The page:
Review: It would be fair to say that Lee 'Scratch' Perry's work with The Full Experience, a female vocal trio comprised of Aura Lewis, Pamela Reed and Candy MacKenzie, is not among his best known material - in part because only limited amounts of it was ever released in the late 1970s. This brilliant anthology from Doctor Bird does its best to fill in the gaps by gathering together Full Experience tracks from various largely little-known releases, including a clutch of cuts that have never before appeared on wax. Highlights include the dancefloor-focused disco-reggae sweetness of "Disco Fits", the super-soulful "Ice Cream", the Congoes-esque "Young Gifted & Broke" and the brilliant 12" mix of "Disco Devil", which is based on Perry's fine riddim for Max Romeo's "Chase The Devil".
Upsetter Revue - "Play On Mr Music" (feat The Heptones & The Congos & Junior Murvin)
Carlton Jackson - "History" (Dub Plate mix)
The Silvertones - "Rejoice Jah Jah Children" (Dub Plate mix)
Jimmy Riley - "Give Me A Love"
The Upsetters - "Give Me A Dub"
Lee Perry - "Soul Fire"
Sam Carty - "Milte Hi Akhen Aka Bird In Hand" (Full vocal version)
Mystic I - "One More River To Cross"
The Upsetters - "One More Dub To Cross"
Junior Murvin - "People Get Ready"
The Upsetters - "People Get Ready Dub"
The Silvertones - "Feel All Right"
Keith Rowe - "Sugar & Spice (Love Has Got Its Way)"
The Upsetters - "Spicy Version"
Review: Although there have been a number of retrospectives focused on Lee 'Scratch' Perry's productions during the period he ran the Black Ark studio (1973-79), few have gone quite as deep as this superb compilation from Rock-A-Shacka. What makes it stand out from its rivals is not the number of well-regarded classics included - though it does contain a few, such as "Soul Fire" and Mystic I's "One More River To Cross" - but rather the deepness of the selections and the impressive number of previously unreleased tracks. Check, for example, the superb all-star outing "Play On Mr Music", after which the compilation is named, the languid and soulful "Dub Plate Mix" of The Silvertones' conscious roots classic "Rejoice Jah Jah Children", and the two mixes of Keith Rowe's "Sugar & Spice".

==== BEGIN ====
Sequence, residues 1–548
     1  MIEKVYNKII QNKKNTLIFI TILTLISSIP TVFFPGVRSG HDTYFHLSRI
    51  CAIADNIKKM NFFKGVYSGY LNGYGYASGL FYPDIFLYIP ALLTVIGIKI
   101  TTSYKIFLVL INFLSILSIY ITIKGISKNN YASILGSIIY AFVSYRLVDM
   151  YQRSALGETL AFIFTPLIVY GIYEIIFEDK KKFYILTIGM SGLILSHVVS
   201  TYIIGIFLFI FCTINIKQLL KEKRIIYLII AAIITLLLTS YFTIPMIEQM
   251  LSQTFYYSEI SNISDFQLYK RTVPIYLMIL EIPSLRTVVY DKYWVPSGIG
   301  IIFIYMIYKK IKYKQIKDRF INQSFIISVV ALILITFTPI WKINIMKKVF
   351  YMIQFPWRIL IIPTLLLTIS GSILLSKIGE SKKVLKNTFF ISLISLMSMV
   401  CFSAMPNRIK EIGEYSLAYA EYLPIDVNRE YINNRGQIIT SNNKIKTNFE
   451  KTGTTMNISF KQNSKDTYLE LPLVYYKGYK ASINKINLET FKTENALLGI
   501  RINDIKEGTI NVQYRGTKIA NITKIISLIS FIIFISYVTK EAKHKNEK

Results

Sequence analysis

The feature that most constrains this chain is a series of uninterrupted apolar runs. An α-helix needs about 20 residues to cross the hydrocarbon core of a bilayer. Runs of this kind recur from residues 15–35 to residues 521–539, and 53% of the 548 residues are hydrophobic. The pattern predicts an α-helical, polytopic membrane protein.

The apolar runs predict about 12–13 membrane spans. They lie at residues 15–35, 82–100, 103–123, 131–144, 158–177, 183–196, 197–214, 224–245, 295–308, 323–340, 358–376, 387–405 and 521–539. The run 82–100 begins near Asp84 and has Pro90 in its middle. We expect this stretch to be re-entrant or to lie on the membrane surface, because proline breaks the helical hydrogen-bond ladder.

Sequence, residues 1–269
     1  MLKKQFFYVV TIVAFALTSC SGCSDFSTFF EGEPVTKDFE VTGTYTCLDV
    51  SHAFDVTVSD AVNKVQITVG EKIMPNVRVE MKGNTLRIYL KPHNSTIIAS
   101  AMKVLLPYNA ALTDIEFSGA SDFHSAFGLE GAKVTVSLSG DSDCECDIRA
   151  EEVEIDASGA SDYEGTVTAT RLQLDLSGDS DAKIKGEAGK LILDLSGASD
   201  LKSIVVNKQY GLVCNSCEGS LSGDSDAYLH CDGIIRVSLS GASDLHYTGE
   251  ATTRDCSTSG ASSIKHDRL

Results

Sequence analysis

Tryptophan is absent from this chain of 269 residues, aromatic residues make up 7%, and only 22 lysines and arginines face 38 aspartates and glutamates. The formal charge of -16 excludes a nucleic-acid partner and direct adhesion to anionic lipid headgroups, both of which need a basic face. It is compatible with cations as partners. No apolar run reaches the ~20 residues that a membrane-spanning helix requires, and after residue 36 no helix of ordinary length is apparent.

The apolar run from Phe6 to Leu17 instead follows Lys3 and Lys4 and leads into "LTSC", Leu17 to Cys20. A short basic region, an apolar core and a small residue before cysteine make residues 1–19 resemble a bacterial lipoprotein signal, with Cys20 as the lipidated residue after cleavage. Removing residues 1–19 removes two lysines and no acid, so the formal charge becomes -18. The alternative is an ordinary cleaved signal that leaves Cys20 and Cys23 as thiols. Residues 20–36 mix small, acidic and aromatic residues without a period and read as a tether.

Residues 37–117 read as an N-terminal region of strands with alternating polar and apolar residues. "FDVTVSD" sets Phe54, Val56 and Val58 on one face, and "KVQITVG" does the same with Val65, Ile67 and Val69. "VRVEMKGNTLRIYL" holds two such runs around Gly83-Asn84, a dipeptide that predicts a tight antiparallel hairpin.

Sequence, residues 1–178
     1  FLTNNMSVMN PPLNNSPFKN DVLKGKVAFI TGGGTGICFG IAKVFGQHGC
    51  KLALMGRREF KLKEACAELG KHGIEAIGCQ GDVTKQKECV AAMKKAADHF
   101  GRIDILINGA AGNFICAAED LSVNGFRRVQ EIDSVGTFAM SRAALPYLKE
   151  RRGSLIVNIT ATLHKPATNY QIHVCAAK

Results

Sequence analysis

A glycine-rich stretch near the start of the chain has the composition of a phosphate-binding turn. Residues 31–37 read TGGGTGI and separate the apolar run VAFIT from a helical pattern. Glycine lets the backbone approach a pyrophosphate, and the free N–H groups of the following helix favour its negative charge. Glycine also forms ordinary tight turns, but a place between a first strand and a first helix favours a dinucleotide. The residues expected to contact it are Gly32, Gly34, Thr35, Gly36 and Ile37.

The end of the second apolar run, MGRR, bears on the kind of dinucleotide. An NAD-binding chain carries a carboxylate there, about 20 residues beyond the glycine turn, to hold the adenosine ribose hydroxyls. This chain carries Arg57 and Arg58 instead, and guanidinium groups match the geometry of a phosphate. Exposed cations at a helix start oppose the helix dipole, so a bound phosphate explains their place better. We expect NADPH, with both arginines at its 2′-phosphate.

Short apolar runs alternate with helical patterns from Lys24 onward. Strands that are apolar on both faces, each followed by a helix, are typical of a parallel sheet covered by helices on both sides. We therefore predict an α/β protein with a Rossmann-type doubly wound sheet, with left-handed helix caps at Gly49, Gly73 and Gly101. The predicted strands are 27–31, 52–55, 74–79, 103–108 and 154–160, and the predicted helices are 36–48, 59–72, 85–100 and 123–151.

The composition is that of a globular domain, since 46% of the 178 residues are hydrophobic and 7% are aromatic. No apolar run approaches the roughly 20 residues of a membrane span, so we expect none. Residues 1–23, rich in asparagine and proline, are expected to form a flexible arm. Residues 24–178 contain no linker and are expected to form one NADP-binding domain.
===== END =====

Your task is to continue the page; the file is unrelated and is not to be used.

Review: This coming together of two dub and reggae giants might never have been heard had it not been unearthed in some long-forgotten vaults. Originally recorded at some unknown point in the seventies, it follows their debut album Ital Dub, and later King Tubby Meets The Rockers, and is just as vital. Lead by the trademark harmonica expressions of Pablo, with the contagious rhythms of Tubby, it is a free flowing record that explores a number of different moods and grooves from deep and hazy to more life affirming and direct. As a result, it keeps you utterly locked throughout.
Review: On their latest essential retrospective, Doctor Bird has gathered together the quartet of albums released by legendary Jamaican toaster Prince Far I on Trojan Records between 1979 and '83 (the year of his premature death) - three of which have never previously appeared on CD. On disc one you'll find "Free From Sin", a formidably dubbed-out affair partially recorded at Treasure Isle Studios, and the slightly more roots-reggae focused 1980 follow-up, "Jamaican Heroes". Disc two begins with the ten tracks first featured on 1981's "Voice of Thunder" - a loose, languid and laidback set recorded at Channel 1 studios - before moving on to his final Trojan album, "Musical Heroes". If you've yet to explore Prince Far I's vast catalogue, this is a great place to start.